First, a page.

'The Worst Person in the World' review: Being the worst isn't so bad

Norwegian Academy Award nominee is a triumph that takes on life, love and other uncertainties.

Adam Graham
Detroit News Film Critic

A minor epic about uncertainty in both life and love, "The Worst Person in the World" is a revelation, a pitch-perfect romantic comic-drama that flips rom-com tropes so effectively that it winds up transcending the entire genre.

Renate Reinsve is radiant as Julie, a flighty 20-something in Oslo who isn't quite sure what she wants out of life. Who is, for that matter? Her journey unfolds over the course of 12 chapters — bookended by a prologue and an epilogue, of course — in Norwegian writer-director Joachim Trier's fresh, vibrant and deeply human story, which recently (and deservedly) nabbed nominations for both Best Original Screenplay and Best International Film at the upcoming Academy Awards. 

Renate Reinsve in "The Worst Person in the World."

Julie is a medical student who becomes a writer who transitions to photography. Her love life is just as unsettled: she's dating Aksel (Anders Danielsen Lie), an underground comic artist, when one night she meets a stranger at a party that she wanders into despite not knowing a single person there. That's Eivind (Herbert Nordrum), and they spend all night talking and forming a connection without either acting on their natural impulses. They agree to part ways, but the memory of their meeting lives on in the back of both of their minds.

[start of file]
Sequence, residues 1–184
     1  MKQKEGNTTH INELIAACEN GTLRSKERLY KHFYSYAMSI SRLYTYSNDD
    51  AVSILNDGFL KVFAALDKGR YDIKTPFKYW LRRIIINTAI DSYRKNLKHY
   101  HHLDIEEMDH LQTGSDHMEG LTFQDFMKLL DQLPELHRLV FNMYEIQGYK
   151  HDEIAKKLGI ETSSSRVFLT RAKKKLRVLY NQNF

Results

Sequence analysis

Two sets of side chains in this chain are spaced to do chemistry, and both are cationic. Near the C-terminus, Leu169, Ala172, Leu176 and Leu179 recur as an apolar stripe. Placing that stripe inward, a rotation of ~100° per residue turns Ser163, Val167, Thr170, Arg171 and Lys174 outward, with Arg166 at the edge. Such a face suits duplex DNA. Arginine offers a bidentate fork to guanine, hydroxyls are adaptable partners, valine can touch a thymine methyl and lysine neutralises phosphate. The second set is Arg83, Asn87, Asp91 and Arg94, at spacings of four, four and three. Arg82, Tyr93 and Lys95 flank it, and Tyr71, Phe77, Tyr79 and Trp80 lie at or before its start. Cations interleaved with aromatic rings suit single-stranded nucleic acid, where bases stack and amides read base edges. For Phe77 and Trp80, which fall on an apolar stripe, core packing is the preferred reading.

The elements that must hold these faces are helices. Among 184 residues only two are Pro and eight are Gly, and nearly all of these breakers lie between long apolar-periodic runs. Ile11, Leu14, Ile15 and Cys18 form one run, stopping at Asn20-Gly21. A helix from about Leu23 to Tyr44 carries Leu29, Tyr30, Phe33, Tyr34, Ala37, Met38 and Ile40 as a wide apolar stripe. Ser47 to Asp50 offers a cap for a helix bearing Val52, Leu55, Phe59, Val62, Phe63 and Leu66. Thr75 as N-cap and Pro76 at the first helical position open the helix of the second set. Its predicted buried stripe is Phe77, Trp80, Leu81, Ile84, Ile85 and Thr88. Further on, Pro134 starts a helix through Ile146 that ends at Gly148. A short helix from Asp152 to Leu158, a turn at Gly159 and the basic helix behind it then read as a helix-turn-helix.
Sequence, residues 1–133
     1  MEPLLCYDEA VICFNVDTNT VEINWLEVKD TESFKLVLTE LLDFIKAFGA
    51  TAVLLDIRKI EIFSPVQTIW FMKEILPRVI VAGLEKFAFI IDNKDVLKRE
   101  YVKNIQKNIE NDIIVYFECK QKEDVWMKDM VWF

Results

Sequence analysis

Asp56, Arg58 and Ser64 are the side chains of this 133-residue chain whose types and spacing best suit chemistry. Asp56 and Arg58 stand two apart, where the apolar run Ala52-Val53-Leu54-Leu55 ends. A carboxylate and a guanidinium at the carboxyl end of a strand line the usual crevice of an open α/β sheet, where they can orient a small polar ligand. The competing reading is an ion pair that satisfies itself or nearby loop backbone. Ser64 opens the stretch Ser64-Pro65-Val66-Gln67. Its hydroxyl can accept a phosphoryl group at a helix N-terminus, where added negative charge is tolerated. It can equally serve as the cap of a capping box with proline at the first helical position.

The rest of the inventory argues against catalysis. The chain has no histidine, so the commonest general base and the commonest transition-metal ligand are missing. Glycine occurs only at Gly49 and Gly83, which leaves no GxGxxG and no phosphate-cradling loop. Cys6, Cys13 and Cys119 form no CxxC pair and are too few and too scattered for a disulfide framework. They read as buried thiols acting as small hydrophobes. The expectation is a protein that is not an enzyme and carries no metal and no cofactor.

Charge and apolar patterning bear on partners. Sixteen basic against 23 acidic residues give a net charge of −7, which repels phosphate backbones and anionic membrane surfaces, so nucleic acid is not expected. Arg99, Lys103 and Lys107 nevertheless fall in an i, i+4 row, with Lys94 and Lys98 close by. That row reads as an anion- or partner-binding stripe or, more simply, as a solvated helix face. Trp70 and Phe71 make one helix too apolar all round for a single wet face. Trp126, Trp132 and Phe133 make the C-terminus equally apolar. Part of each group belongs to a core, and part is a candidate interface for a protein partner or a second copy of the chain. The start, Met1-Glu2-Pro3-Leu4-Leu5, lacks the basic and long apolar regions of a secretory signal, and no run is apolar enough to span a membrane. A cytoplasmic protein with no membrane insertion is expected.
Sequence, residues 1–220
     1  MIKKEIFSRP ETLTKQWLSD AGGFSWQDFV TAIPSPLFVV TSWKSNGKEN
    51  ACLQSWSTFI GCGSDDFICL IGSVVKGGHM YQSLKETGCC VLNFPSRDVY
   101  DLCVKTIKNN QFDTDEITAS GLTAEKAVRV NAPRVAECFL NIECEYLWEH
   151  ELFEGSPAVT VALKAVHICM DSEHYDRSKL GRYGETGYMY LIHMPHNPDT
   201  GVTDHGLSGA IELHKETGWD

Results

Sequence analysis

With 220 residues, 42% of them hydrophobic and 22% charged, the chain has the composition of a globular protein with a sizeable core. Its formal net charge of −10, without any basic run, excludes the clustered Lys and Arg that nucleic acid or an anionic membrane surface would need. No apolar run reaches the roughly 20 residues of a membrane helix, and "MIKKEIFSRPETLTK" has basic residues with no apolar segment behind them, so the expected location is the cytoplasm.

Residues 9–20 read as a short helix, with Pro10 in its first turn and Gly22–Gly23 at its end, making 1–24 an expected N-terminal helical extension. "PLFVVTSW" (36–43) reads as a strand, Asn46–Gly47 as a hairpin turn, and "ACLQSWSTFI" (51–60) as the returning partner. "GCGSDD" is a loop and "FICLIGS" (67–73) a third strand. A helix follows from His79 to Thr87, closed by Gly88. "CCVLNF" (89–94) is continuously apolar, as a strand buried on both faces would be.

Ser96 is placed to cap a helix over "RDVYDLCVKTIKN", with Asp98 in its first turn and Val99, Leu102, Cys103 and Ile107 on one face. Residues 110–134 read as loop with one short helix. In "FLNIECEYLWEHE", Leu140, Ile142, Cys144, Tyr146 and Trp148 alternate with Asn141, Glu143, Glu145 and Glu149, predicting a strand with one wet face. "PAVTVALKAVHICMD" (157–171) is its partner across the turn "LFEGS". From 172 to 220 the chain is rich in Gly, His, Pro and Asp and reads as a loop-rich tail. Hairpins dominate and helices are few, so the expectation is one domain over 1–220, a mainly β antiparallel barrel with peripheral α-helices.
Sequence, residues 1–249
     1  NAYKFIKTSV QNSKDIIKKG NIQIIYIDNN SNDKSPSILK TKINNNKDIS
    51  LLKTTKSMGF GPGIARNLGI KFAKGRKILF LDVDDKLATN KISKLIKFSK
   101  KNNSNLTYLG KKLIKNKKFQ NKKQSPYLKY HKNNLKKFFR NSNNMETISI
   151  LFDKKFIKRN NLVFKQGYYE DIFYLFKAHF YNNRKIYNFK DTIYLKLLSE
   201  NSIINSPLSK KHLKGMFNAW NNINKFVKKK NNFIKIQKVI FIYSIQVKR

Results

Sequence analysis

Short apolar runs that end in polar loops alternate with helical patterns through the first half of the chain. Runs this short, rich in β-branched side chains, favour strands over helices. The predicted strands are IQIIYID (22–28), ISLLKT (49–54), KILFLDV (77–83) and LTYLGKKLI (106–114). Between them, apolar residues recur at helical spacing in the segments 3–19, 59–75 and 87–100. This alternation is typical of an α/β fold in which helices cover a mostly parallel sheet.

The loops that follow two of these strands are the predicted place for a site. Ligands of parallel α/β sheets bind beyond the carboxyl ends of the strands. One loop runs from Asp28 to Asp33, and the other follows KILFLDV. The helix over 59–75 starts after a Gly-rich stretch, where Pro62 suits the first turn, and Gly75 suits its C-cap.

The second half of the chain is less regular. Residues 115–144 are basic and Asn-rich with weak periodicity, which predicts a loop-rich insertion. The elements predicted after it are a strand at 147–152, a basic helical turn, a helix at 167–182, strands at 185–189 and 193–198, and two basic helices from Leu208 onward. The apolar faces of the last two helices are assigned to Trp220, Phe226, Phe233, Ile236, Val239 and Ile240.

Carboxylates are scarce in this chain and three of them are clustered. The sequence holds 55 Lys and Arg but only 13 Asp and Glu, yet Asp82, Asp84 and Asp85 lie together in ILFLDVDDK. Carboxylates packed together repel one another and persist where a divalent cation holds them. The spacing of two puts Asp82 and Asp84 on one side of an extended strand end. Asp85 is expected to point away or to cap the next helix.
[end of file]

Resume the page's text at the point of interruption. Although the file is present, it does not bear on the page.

A chance encounter down the road brings all those feelings rushing back again. Both have significant others, but what if they didn't? Trier films a magical sequence of Julie dashing through the streets of Oslo, time frozen like a Mannequin Challenge video, where she steals a moment with Eivind while the rest of the world is on pause. It's as bright and effervescent as anything in "La La Land." 

Julie eventually gets her chance to be with Eivind, but did she really want him, or did she want the fantasy of their first encounter? Trier treats his heroine with an emotional honesty rarely afforded in the romantic comedy landscape. He's invested in her as a character, not as a stand-in for some sort of romantic ideal. 

"The Worst Person in the World" shifts again in its final act, and proves to be a poignant story about love and loss with a wisdom beyond its years. It's brought to life by Reinsve, who makes Julie fully formed, not broken or damaged but someone going through life and taking it as it comes. She doesn't have all the answers, and she's still figuring out the questions. She's far from the worst person in the world. She's a hero for our times.



'The Worst Person in the World'


Rated R: for sexual content, graphic nudity, drug use and some language

Running time: 128 minutes

In theaters